Even as governments around the world struggle to reign in the relentless pace of innovation in the cryptocurrency space, Singapore is adopting a pragmatic approach – adapt to the nascent asset or risk becoming increasingly irrelevant.
Speaking with Bloomberg ahead of the Singapore Fintech Festival, Managing Director of the Monetary Authority of Singapore Ravi Menon echoed his counterparts Gary Gensler, Chairman of the U.S. Securities and Exchange Commission, and U.S. Federal Reserve Chairman Jerome Powell by noting,
“We think the best approach is not to clamp down or ban these things.”
Last month, and in the wake of the People’s Bank of China declaring that all cryptocurrency transactions were illegal, both Powell and Gensler responded by saying that neither of their federal agencies were looking to ban the nascent asset class.
According to Menon, the Monetary Authority of Singapore or MAS, is putting in place “strong regulation” so firms that meet its requirements and address the plethora of risks in the cryptocurrency space can operate.
The Singapore approach would set it apart from most other jurisdictions which have swung from banning cryptocurrencies outright, like China, to embracing them completely, like El Salvador, which declared bitcoin legal tender.
Although the U.S. has adopted a piecemeal approach to regulating cryptocurrencies, using the threat of enforcement action where federal agencies deemed necessary, such an effort could result in a “chilling effect” on innovation.
Several months ago, U.S.-listed cryptocurrency exchange Coinbase Global abandoned plans to launch its “Lend” product, which would pay out interest on cryptocurrency deposits, after the U.S. SEC threatened litigation should it proceed to do so.
A lack of clear regulation has the potential to stymie innovation in the cryptocurrency sector as stakeholders are unsure of whether their developments would raise the ire of regulators and attract enforcement action.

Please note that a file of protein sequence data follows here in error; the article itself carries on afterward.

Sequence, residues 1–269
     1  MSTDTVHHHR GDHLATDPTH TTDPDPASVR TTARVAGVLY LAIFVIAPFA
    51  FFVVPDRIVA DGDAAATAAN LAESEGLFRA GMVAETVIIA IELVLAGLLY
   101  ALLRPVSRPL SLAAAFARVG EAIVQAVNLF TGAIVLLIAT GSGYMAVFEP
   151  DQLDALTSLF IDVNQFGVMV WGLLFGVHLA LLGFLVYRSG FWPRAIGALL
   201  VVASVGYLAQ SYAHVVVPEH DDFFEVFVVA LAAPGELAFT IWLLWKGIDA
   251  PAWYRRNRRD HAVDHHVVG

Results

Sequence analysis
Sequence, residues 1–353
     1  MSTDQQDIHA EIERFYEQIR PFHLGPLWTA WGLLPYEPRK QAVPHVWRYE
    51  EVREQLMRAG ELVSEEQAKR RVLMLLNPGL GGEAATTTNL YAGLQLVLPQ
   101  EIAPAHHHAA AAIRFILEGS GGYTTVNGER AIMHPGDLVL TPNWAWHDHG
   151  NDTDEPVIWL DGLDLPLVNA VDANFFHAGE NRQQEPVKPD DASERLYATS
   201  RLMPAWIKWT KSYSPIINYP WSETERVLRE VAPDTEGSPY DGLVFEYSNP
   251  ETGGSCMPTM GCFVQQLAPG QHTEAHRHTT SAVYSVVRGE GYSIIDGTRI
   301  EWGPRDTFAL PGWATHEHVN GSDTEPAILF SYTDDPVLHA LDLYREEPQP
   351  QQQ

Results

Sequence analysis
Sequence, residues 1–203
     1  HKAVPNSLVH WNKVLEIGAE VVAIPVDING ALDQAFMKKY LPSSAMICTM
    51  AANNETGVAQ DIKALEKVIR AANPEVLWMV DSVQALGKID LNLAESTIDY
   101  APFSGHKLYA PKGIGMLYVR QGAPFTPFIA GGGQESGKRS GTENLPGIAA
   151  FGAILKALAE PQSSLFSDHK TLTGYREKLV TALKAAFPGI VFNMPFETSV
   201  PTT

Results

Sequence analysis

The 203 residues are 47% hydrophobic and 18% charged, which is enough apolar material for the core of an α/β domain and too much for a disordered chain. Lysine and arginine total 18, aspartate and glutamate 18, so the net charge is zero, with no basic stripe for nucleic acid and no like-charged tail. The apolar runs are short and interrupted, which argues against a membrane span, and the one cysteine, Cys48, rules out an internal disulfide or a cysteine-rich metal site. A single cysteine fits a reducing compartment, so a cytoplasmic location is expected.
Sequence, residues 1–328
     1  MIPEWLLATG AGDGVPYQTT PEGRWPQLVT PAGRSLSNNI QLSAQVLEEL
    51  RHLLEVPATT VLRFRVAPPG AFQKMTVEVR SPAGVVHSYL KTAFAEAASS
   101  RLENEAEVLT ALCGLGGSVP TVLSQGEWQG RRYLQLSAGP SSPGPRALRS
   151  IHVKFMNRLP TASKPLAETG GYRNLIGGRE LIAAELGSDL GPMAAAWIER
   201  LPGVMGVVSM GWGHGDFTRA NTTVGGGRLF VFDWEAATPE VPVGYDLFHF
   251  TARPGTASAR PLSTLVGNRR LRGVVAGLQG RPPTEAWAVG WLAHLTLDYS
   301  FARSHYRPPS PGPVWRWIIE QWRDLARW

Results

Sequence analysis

The Singapore view though is that by setting clear regulations and guidelines, cryptocurrency firms and innovators will have the certainty when their products or services encroach on existing laws.
According to Menon,
“With crypto-based activities, it is basically an investment in a prospective future, the shape of which is not clear at this point.”
“But not to get into this game, I think risks Singapore being left behind. Getting early into that game means we can have a head start, and better understand its potential benefits as well as its risks.”
Singapore has a strong global reputation as a wealth hub, and as demand for cryptocurrency services and investments has grown, so has the number of crypto-native companies which have landed and established themselves on the island nation.
From Binance to Gemini, the number of major cryptocurrency companies setting up shop in Singapore has grown exponentially, many of which are applying for licenses under the country’s prescient Payment Services Act that came into force last January.
Menon notes that licenses under the Payment Services Act aren’t just being handed out willy-nilly,
“We don’t need 160 of them to set up shop here. Half of them can do so, but with very high standards, that I think is a better outcome.”